So England’s failure to beat the best two teams in the world with a reserve team seven months before the tournament actually begins is a stick to beat the manager with, but Brazil’s failure to beat us is proof that they are not showing their hand early? Glad that’s clear.
Save the best ‘til last
And by ‘best’ of Ashton, we mean the most ludicrous:
‘It is no use arranging all these prestige games one after the other so Marcus Rashford, Joe Gomez and Harry Maguire can collect England caps.’
Mediawatch is (almost) speechless. There are at least three or four things wrong with that one sentence, and we should remind you that Joe Gomez was Man of the Match on his first England start, but criticising the England manager for picking Marcus Rashford is the weirdest thing we have read for a long, long time.
We’ll end the section by letting you guess which journalist was saying only two months ago that Harry Kane should play as a No. 10 to accommodate Rashford as England’s first-choice central striker.
He was okay ‘collecting caps’ then?
Everything is rubbish
Turn the page from Ashton’s bizarre rant, and you find Dave Kidd singing from a similar hymn sheet. A reminder: England’s reserve team did draw with a full-strength Brazil side on Tuesday night, and restricted them to three shots on target.
‘THEY played the Benny Hill theme tune to entertain the crowd when a bunch of school kids staged a race around the perimeter of the Wembley pitch,’ Kidd begins.
‘Yet so farcical was the gap in technique between England and their illustrious visitors that they probably ought to have played it during the match.’
Four inches to the right of Kidd’s piece are The Sun’s match ratings from the game. Brazil’s total? 73. England’s? 74.
Is that a ‘farcical gap’ too?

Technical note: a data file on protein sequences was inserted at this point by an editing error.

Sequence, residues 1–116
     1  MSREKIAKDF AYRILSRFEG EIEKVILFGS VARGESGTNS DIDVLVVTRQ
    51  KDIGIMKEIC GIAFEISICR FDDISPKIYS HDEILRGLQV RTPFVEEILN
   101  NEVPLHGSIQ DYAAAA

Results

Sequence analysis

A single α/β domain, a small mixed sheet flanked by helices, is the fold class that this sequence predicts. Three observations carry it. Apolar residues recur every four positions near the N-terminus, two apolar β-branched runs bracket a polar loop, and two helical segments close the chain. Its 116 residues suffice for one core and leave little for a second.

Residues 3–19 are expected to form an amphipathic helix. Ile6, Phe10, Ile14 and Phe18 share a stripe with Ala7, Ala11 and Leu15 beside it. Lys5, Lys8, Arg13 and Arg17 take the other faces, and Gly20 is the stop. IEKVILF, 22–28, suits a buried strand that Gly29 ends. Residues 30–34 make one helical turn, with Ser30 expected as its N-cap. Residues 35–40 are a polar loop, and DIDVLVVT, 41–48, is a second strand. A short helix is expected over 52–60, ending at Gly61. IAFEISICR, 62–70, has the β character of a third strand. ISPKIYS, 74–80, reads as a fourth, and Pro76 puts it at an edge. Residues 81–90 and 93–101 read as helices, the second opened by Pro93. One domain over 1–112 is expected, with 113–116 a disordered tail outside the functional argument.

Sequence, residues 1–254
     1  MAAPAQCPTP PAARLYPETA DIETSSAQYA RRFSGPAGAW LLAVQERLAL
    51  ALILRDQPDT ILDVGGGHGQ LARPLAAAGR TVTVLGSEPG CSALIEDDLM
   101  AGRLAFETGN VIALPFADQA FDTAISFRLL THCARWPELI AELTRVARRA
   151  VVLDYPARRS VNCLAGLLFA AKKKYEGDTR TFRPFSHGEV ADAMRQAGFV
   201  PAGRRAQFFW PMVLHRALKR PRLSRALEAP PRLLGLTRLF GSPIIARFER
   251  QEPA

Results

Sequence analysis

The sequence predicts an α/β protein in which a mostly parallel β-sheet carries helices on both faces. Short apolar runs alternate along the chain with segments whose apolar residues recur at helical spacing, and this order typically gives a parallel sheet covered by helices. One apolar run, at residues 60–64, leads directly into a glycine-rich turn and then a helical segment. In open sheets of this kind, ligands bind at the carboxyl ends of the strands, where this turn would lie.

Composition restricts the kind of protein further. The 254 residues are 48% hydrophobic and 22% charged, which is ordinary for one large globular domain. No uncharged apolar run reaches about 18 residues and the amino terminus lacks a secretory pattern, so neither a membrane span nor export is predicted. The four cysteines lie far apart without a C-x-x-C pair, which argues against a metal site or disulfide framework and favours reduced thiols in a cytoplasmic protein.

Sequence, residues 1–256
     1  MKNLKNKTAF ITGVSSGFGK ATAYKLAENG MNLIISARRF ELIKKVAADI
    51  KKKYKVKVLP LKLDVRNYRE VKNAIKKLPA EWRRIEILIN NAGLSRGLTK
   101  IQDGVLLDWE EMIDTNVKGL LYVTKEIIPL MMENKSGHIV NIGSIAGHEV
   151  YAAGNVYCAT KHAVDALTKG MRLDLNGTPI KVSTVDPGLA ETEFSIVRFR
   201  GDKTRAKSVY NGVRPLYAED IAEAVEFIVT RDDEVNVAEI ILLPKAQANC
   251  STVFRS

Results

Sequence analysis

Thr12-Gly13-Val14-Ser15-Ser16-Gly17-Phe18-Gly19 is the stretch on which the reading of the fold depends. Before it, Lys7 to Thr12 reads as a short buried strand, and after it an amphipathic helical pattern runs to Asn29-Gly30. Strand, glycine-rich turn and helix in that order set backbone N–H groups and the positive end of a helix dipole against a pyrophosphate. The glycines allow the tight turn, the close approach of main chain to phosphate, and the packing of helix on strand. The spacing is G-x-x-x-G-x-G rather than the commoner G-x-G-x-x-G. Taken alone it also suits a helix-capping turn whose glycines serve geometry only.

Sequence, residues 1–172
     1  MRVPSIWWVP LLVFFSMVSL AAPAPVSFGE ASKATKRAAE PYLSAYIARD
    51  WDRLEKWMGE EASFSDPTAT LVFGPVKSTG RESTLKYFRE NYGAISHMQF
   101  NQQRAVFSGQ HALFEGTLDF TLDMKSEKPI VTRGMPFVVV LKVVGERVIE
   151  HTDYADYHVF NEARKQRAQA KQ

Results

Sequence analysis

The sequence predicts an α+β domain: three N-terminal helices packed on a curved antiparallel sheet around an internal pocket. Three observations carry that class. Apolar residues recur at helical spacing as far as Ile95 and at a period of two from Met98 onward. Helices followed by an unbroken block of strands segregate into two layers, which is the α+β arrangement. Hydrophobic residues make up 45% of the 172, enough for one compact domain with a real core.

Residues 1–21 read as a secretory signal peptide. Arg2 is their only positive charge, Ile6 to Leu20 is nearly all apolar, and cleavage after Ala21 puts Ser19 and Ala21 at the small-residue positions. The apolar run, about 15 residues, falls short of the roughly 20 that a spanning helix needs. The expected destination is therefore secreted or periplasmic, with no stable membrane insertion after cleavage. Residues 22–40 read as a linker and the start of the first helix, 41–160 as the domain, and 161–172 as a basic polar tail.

“I only see one outcome, I think Ireland are going to the World Cup. I don’t think anyone will stand in our way. They [Denmark] are a very good team, very good players, but they don’t have the character and the heart and the desire that we have” – Ireland captain David Meyler.
Heart and desire 1-5 Talent and tactics.
Doing player ratings alongside a feature piece for the newspaper is a thankless task. But even so, Mediawatch cannot believe that nobody at the Daily Mirror bothered to change John Cross’ assessment that Joe Gomez was England’s second worst player on Tuesday. Still, he ‘tried hard’.
For what it’s worth, every other paper picked him as England’s best performer.
On my terms
“It [the Everton job] never materialised as I thought it would, unfortunately. For me such a long time without a decision, I had to make a decision myself. The decision was it was probably better it wasn’t me, and I’d move on to something else. It would have been a fabulous job, but it just didn’t feel right” – Sam Allardyce.
It just didn’t feel right to Everton, Sam.
Pressed the wrong button
Mediawatch isn’t surprised that the Irish Times quickly removed their ‘World Cup 2018: Martin O’Neill’s greatest hits’ story on Wednesday morning after accidentally publishing it.
‘Guiding Ireland to a first World Cup appearance since 2002’ really would be the ‘greatest addition to Martin O’Neill’s long list of managerial achievements’ now.
Hot take of the day
‘Joe Gomez has ended the England careers of Cahill, Jones and Smalling’ – Jason Cundy, Talksport.
Three players in one performance? Some going. And some nonsense too.
Recommended reading of the day
Jason Burt on John Stones.
Rory Smith on Italy.
Jack Lang with Roberto Firmino.